The number type (type="number") provides an input for entering a number. Usually, this is a “spinner” box, where you can either enter a number or click on the up or down arrows to select a number.

The number input has min and max attributes to specify the minimum and maximum values allowed. We highly recommend that you use these, otherwise the up and down arrows might lead to different (and very odd) values depending on the browser.

On many touchscreen devices, focusing on a number input type will bring up a number touch pad (rather than a full keyboard).


The range input type (type="range") displays a slider control in browsers that support it (currently Opera and WebKit). As with the number type, it allows the min, max, and step attributes. The difference between number and range, according to the spec, is that the exact value of the number is unimportant with range. It’s ideal for inputs where you want an imprecise number; for example, a customer satisfaction survey asking clients to rate aspects of the service they received.

The default value of a range is the midpoint of the slider—in other words, halfway between the minimum and the maximum.

The spec allows for a reversed slider (with values from right to left instead of from left to right) if the maximum specified is less than the minimum; however, currently no browsers support this.


The color input type (type="color") provides the user with a color picker—or at least it does in Opera (and, surprisingly, in the built-in browser on newer BlackBerry smartphones). The color picker should return a hexadecimal RGB color value, such as #FF3300.

Until this input type is fully supported, if you want to use a color input, provide placeholder text indicating that a hexadecimal RGB color format is required, and use the pattern attribute to restrict the entry to only valid hexadecimal color values.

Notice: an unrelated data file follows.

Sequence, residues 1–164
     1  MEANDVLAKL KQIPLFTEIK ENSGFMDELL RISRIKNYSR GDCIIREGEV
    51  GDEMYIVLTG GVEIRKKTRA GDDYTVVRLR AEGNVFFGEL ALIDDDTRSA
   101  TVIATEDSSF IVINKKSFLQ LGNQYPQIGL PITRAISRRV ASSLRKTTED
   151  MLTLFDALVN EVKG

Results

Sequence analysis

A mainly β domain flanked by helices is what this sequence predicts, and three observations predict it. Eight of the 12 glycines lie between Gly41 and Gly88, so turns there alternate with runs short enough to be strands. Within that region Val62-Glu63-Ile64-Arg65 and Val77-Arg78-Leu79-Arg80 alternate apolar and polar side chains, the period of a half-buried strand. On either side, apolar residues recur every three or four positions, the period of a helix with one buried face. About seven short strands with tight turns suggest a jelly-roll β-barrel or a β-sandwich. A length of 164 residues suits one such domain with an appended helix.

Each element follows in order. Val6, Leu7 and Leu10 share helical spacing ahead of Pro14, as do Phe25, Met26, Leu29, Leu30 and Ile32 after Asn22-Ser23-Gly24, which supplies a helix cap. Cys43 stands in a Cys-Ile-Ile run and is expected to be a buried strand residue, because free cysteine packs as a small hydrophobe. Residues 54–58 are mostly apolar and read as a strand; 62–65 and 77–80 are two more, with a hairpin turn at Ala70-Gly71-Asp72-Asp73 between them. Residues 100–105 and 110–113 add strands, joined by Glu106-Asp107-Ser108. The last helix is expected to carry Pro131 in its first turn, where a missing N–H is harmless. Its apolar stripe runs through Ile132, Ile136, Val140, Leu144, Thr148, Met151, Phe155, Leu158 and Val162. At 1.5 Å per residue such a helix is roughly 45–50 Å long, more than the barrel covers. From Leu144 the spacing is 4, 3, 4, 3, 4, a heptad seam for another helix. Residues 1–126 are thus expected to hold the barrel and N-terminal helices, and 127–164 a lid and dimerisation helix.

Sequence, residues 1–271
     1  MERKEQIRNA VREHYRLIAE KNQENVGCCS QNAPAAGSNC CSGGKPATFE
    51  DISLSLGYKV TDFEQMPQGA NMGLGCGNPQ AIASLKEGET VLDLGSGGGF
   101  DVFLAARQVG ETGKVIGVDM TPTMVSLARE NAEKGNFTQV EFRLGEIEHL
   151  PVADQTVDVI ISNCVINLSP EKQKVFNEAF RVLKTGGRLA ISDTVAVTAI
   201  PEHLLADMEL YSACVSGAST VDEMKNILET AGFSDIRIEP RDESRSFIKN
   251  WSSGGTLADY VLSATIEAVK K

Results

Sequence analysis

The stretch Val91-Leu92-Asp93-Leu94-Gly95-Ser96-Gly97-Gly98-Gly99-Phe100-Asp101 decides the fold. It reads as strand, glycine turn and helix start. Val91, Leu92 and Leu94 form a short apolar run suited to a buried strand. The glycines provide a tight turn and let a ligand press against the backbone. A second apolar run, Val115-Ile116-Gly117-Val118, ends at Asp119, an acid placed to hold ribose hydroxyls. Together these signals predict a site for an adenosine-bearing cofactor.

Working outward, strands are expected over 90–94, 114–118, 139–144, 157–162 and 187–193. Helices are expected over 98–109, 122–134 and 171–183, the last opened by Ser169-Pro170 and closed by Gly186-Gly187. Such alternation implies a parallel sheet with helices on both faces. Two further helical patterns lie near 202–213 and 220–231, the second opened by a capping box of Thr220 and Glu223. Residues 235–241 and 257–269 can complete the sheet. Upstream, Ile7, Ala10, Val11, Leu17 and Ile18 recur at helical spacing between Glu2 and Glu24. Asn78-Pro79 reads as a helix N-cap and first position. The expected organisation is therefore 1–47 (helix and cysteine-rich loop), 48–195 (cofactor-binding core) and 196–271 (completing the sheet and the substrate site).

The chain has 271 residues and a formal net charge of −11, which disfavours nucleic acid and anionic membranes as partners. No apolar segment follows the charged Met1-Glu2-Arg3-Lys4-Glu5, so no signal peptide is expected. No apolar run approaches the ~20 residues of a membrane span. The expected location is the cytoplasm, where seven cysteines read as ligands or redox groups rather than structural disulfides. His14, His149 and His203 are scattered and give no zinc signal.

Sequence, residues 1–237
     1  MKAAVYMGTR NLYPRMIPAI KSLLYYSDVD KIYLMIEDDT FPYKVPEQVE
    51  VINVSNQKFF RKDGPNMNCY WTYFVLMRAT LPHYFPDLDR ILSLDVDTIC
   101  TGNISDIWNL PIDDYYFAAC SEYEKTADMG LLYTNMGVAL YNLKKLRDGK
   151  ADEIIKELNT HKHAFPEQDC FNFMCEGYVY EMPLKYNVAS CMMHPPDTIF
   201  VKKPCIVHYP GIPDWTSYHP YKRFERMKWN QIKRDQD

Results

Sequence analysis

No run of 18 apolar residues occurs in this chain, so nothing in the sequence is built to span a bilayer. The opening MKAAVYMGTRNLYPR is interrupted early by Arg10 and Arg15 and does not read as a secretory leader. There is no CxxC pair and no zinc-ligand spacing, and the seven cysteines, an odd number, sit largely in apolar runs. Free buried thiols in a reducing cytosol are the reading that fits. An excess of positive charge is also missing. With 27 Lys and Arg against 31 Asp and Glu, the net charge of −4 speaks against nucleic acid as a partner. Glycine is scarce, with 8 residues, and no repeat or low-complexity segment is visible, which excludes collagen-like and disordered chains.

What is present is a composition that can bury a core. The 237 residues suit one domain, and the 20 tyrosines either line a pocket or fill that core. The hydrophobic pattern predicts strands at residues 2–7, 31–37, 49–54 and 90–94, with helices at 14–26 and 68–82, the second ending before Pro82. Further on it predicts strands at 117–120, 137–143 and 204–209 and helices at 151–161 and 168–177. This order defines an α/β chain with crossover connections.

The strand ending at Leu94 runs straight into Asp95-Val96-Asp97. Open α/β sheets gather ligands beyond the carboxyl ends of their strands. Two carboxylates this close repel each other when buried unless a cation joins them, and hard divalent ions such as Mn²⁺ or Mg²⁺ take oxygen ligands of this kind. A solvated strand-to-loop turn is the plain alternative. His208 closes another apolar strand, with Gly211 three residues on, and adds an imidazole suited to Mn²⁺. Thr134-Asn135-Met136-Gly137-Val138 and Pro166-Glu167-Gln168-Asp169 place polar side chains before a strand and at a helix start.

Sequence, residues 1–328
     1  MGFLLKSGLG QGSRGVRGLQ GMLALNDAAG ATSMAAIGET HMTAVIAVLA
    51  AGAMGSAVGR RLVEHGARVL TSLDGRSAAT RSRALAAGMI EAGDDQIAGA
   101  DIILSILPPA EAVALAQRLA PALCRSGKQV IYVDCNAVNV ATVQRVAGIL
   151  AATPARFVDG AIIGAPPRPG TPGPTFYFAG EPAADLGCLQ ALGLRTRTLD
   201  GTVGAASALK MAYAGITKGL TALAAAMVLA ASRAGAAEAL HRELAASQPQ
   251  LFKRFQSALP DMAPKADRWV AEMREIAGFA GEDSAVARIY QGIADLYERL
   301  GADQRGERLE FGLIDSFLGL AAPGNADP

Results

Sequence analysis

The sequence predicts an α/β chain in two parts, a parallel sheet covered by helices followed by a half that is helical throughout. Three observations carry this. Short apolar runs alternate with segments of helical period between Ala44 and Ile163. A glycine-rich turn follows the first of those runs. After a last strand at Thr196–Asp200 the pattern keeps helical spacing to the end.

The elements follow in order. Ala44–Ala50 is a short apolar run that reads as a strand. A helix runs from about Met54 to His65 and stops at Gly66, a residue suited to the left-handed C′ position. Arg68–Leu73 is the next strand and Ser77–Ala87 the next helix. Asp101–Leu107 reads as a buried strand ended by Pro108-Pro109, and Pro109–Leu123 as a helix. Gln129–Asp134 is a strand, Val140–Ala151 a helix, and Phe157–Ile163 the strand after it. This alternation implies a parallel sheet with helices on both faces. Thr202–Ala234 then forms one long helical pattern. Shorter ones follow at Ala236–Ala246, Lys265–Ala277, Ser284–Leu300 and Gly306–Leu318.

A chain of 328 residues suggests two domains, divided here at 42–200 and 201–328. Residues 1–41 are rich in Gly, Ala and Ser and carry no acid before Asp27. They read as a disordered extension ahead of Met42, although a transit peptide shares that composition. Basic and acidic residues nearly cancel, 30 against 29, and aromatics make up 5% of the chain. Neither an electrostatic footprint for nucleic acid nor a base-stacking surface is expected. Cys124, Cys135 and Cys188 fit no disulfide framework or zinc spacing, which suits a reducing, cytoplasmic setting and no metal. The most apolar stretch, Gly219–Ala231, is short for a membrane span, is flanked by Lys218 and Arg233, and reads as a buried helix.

Dates and Times

There are several new date and time input types, including date, datetime, datetime-local, month, time, and week. All date and time inputs accept data formatted according to the ISO 8601 standard.

This comprises the date (year, month, and day), but no time; for example, 2004-06-24.
Only includes the year and month; for example, 2012-12.
This covers the year and week number (from 1 to 52); for example, 2011-W01 or 2012-W52.
A time of day, using the military format (24-hour clock); for example, 22:00 instead of 10.00 p.m.
This includes both the date and time, separated by a “T”, and followed by either a “Z” to represent UTC (Coordinated Universal Time), or by a time zone specified with a + or – character. For example, “2011-03-17T10:45-5:00” represents 10:45am on the 17th of March, 2011, in the UTC minus 5 hours time zone (Eastern Standard Time).
Identical to datetime, except that it omits the time zone.

The most commonly used of these types is date. The specifications call for the browser to display a date control, yet at the time of writing, only Opera does this by providing a calendar control.

In Conclusion

As support for HTML5 input elements and attributes grows, sites will require less and less JavaScript for client-side validation and user interface enhancements, while browsers handle most of the heavy lifting. Legacy user agents are likely to stick around for the foreseeable future, but there is no reason to avoid moving forward and using HTML5 web forms, with appropriate polyfills and fallbacks filling the gaps where required.

If you want to take the full course and get all the information you need, check out the course HTML5 & CSS3 for the Real World.

Looking for something specific – Sitepoint offers a range of free online tutorials

This is an excerpt from the Sitepoint book HTML5 & CSS3 for the Real World by Alexis Goldstein, Louis Lazaris, and Estelle Weyl.